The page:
Hospitals and health systems are likely to face a nursing shortage in the next two years. This could increase potential risk and liability.
• Clinicians will be treating more acute patients who have put off healthcare services for financial reasons.
• New pathways for delivering care could introduce new risks.
• Artificial intelligence will make more inroads into healthcare but should be adopted cautiously.
The new year will bring nursing-related liability risks that involve the aging labor force, the changing healthcare industry, and technology, says an industry analyst. Risk managers should anticipate these issues and be ready to respond to new risks.
The aging labor force in nursing will create more potential liability for healthcare organizations, says David Griffiths, senior vice president for program management with consulting firm Aon in Fort Washington, PA. About a half-million nurses will retire over the next two years, he says, at the same time the industry has an increased need for nurses with expanded skill sets.
Sicker Patients for Fewer Nurses
“There is the added demand and we just don’t have enough nurses coming in. We’re looking at a labor shortage in the next couple of years,” he says. “You add the expanded roles of nurses to that, the way we’re asking more of nurses now, and the problem only gets worse. A shortage of skilled nurses can only increase the potential liability for healthcare organizations that will have to find a way to care for patients despite the shortage.”
Increasing healthcare costs and continuing difficulty with the insurance market are making patients put off healthcare, Griffiths says, and that means their conditions are more acute when they do seek treatment.
“Nurses will be faced with more acute cases at the same time they are in short supply,” he says. “Fewer nurses will be taking care of sicker patients. That is not a recipe for success.”
New Pathways for Care
The mergers of big companies like CVS and Anthem to create new pathways for delivering healthcare will bring uncertainty into many facets of the industry, putting nurses in new care settings with unknown potential for liability, Griffiths says.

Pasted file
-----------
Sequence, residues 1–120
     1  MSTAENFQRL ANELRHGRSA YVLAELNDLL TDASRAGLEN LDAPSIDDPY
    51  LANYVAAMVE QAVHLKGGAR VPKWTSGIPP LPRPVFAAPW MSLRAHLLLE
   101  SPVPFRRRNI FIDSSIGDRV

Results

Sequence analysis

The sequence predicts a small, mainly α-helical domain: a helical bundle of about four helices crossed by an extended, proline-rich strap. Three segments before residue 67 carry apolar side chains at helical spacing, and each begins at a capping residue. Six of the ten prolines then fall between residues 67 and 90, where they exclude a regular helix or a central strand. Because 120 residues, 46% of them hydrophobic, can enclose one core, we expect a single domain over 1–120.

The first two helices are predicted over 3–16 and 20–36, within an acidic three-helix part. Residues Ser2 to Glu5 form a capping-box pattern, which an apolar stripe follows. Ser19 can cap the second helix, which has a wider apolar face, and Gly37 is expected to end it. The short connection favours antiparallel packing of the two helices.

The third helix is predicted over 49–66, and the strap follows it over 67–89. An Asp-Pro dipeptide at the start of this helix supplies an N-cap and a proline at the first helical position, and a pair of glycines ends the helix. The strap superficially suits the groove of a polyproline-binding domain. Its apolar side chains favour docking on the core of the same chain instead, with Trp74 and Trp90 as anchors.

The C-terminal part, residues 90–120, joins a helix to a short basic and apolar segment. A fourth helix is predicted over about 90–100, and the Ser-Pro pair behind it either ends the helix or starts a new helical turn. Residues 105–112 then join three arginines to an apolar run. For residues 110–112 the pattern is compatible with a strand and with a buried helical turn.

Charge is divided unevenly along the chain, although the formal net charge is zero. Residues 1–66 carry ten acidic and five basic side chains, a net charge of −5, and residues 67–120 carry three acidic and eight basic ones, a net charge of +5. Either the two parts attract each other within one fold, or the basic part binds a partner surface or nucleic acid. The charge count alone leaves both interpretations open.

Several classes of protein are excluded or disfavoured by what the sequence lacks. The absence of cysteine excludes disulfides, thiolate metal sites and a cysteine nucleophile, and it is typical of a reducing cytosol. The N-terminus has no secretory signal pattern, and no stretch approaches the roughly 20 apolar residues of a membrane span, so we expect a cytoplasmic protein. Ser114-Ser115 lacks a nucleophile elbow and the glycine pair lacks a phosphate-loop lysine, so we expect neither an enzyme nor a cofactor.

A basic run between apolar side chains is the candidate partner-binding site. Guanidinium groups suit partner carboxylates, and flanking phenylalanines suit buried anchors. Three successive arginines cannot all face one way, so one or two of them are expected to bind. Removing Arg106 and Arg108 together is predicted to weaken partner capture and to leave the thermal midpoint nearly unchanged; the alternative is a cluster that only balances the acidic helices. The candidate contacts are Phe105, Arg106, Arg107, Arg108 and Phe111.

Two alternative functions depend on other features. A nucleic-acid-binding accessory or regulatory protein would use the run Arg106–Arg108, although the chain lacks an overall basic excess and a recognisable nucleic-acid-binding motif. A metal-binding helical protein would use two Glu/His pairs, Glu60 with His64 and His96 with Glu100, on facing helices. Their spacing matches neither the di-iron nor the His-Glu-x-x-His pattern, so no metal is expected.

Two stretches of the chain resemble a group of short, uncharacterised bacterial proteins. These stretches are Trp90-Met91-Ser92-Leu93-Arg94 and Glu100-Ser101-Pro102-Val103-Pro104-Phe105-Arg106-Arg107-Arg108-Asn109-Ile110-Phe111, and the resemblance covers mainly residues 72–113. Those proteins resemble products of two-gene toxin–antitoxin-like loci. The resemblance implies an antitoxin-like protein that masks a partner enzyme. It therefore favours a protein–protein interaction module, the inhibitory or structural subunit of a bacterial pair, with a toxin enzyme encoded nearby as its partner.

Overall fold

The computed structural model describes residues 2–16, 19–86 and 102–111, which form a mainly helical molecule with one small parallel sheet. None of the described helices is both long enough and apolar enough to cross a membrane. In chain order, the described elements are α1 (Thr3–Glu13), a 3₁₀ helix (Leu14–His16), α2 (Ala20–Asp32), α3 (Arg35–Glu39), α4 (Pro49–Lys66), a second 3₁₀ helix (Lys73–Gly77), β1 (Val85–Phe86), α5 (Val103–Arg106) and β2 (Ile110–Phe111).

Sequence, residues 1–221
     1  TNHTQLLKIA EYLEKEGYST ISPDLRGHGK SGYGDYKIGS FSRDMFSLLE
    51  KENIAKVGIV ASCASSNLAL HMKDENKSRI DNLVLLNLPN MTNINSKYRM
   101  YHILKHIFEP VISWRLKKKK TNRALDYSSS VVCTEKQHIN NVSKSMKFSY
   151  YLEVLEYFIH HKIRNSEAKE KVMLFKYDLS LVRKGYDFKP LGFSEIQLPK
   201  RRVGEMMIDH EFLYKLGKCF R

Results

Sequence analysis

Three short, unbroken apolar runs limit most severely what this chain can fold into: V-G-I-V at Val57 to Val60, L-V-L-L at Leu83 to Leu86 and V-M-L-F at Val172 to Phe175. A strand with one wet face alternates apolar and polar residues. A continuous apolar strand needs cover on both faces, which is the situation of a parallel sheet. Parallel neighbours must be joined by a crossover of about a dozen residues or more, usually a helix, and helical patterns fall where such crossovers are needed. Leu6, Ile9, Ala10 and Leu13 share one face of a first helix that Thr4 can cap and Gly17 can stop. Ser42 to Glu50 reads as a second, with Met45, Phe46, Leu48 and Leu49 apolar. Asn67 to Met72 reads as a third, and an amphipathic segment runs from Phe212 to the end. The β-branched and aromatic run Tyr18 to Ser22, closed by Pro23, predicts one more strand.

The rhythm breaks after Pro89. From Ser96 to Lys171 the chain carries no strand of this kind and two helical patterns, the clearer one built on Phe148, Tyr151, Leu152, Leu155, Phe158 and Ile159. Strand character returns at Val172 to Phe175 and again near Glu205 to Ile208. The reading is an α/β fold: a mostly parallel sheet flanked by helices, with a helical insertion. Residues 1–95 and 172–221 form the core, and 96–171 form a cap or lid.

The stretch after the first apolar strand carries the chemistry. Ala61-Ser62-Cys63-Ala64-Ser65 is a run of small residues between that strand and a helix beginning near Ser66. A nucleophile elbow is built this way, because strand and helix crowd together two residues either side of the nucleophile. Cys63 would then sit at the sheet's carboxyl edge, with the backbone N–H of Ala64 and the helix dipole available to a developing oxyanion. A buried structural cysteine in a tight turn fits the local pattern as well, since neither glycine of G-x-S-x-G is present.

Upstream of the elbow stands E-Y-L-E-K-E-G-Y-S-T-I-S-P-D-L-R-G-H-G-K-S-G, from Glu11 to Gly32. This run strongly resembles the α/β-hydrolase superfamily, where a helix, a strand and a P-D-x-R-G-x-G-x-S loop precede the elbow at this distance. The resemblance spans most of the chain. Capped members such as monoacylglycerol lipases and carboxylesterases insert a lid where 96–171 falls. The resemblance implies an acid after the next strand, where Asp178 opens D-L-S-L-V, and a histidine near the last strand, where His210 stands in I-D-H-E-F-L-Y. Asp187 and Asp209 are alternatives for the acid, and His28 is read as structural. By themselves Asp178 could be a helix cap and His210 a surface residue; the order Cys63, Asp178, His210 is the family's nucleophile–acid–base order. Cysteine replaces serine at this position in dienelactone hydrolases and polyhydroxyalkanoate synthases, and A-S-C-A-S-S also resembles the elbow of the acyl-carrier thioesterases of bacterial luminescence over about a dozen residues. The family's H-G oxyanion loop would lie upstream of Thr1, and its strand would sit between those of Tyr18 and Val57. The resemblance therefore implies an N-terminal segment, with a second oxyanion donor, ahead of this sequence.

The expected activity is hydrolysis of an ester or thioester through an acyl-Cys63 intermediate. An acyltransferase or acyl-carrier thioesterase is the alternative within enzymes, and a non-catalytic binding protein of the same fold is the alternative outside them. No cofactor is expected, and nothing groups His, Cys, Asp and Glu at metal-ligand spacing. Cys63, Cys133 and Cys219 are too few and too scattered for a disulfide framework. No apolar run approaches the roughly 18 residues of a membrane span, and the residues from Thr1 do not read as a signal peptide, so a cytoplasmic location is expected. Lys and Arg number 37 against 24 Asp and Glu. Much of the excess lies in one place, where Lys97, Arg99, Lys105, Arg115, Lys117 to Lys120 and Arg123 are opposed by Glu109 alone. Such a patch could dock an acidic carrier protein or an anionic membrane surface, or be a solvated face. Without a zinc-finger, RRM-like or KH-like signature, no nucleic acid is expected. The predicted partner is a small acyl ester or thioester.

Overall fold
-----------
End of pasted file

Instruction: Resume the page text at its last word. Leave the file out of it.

“Those mergers and new companies will change the dynamic of how healthcare is managed, with nurses in those new settings that are not physician offices and not hospitals, with new exposures and risks surrounding that,” he says. “It’s going to be an interesting world for nurses in the future, and an interesting world often brings the potential for new risks and exposures.”
Technology also will continue to change the role of nursing, with machine learning and artificial intelligence helping to improve nurse diagnosing, Griffiths says.
“I think we’re going to see more of that in small waves in 2019. The implications for risk management is really unknown because the impact on nurse diagnosing is unknown,” he says.
“We have seen some examples in which artificial intelligence was a great aid to nurse diagnosing in an emergency setting, but we have not had enough experience with the technology to know the potential for good or bad.”
Griffiths advises risk managers to proceed cautiously when artificial intelligence is introduced to a clinical setting.
“Introducing artificial intelligence to the diagnosis of patients, from a risk management standpoint, has incredible upside opportunities. But I would roll that out in a very closely monitored scenario rather than just plug and play,” he says.
“Any technology that helps reduce the administrative burden, however, could work to reduce risk and exposure because you could then leverage the resources and capabilities of the nurse to a more efficient use.”
• David Griffiths, Senior Vice President for Program Management, Aon, Fort Washington, PA. Email: firstname.lastname@example.org.